The calibration checks may be done at one, two, or three different measurement points to confirm the instrument measures correctly over a particular range. For example, you might calibrate a temperature logger at 0°C, 25°C and 50°C – this would give you confidence that the logger is measuring correctly for all temperatures between 0°C and 50°C.
When the technician performs the calibration checks, it is essential to know the technical limitations and pitfalls of the procedure, such as how long it will take for a sensor to stabilize to the surrounding temperature before a measurement can be taken. Each kind of measurement has its own potential issues, and rigorous procedures must be followed to make sure the calibration is done correctly.
All reference equipment that’s used to calibrate devices will also need to have been calibrated against a higher standard. Ultimately, it’s up to the national standards reference body to maintain the official measurement standards.
7 Point Calibration Checklist
When you purchase and use measurement equipment, it is essential to decide on your calibration approach right from the outset. The points you need to consider are as follows:
- What measurements are you using that need to be checked for calibration regularly? (e.g., temperature, humidity)
- What accuracy is required, and over what range of measurement? (e.g., ±0.5°C accuracy needed between 0°C and 10°C)
- What are the real-world consequences of the equipment drifting out of calibration? (e.g. a whole fridge full of medicines & vaccines may need to be discarded, and people’s health could be harmed)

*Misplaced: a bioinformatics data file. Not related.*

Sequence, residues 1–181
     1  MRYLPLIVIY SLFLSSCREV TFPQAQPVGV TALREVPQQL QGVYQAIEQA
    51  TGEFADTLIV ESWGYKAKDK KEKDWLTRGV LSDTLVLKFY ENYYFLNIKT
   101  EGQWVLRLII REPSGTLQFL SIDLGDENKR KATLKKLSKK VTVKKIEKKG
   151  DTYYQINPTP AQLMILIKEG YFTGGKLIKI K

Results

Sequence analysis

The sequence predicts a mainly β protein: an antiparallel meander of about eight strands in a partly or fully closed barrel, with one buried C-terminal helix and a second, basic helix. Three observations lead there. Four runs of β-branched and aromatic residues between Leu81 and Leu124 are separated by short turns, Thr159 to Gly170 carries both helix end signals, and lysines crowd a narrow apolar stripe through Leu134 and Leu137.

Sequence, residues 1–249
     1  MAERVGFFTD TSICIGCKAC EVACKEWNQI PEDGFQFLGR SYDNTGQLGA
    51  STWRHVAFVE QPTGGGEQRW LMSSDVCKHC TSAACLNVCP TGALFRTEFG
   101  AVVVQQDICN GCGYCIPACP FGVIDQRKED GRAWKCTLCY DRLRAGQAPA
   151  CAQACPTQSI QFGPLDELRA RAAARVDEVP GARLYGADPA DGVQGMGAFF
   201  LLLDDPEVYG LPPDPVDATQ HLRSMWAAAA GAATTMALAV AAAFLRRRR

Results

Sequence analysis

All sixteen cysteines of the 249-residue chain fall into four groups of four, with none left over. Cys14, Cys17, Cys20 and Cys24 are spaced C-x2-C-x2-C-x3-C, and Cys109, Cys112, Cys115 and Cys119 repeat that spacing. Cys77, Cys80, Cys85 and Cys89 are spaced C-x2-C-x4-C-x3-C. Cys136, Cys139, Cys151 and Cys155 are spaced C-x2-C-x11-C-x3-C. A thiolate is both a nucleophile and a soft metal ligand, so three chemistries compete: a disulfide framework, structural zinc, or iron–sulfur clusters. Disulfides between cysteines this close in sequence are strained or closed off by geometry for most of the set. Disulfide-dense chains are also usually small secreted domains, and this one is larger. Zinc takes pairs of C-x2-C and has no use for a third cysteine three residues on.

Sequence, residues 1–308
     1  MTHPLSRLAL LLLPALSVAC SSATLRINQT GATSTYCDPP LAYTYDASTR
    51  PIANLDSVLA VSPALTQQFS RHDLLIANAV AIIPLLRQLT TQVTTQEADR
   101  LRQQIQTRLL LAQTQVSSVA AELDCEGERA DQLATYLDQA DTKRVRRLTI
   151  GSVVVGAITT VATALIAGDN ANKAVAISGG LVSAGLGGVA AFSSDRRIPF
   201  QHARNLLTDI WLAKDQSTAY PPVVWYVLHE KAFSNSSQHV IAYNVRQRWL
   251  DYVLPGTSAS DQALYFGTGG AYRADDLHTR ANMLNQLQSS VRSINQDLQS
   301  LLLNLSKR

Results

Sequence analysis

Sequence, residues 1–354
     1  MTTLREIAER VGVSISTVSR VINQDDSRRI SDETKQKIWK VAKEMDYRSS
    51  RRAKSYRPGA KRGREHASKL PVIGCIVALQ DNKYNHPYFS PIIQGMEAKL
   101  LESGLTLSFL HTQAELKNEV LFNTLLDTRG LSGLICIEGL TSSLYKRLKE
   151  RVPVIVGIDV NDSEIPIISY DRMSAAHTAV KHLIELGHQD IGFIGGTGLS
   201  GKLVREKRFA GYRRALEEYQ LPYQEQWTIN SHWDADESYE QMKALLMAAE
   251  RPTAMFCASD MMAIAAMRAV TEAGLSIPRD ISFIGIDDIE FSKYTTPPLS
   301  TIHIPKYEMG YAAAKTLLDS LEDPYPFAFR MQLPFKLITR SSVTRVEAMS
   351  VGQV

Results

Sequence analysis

- What is the best calibration interval for your equipment? If you’re not sure, start with a 12-month interval. If you know the sensors are exposed to a harsh environment such as condensation or harsh chemicals, opt for 6 months or even 3 months for a very harsh environment. After a couple of calibration checks, observe how much the measurements have drifted over time, and lengthen or shorten your calibration period accordingly.
- Do you require an authorized labaratory to do the calibration, or can you perform it by yourself?
- What are the key measurement points that you MUST be sure the measurements are accurate? e.g. if you need to keep goods between 2°C and 8°C, the 2 and 8-degree points are critical to be correct. When requesting calibration, specify that these points must be calibrated.
- Do you need to purchase additional sensors or instruments to cover the period when your main instrument is away for calibration?
If you’re unsure about any of these points, the first thing to do is chat with your equipment supplier to find out more or contact Fourtec’s Customer Support to talk through the calibration requirements.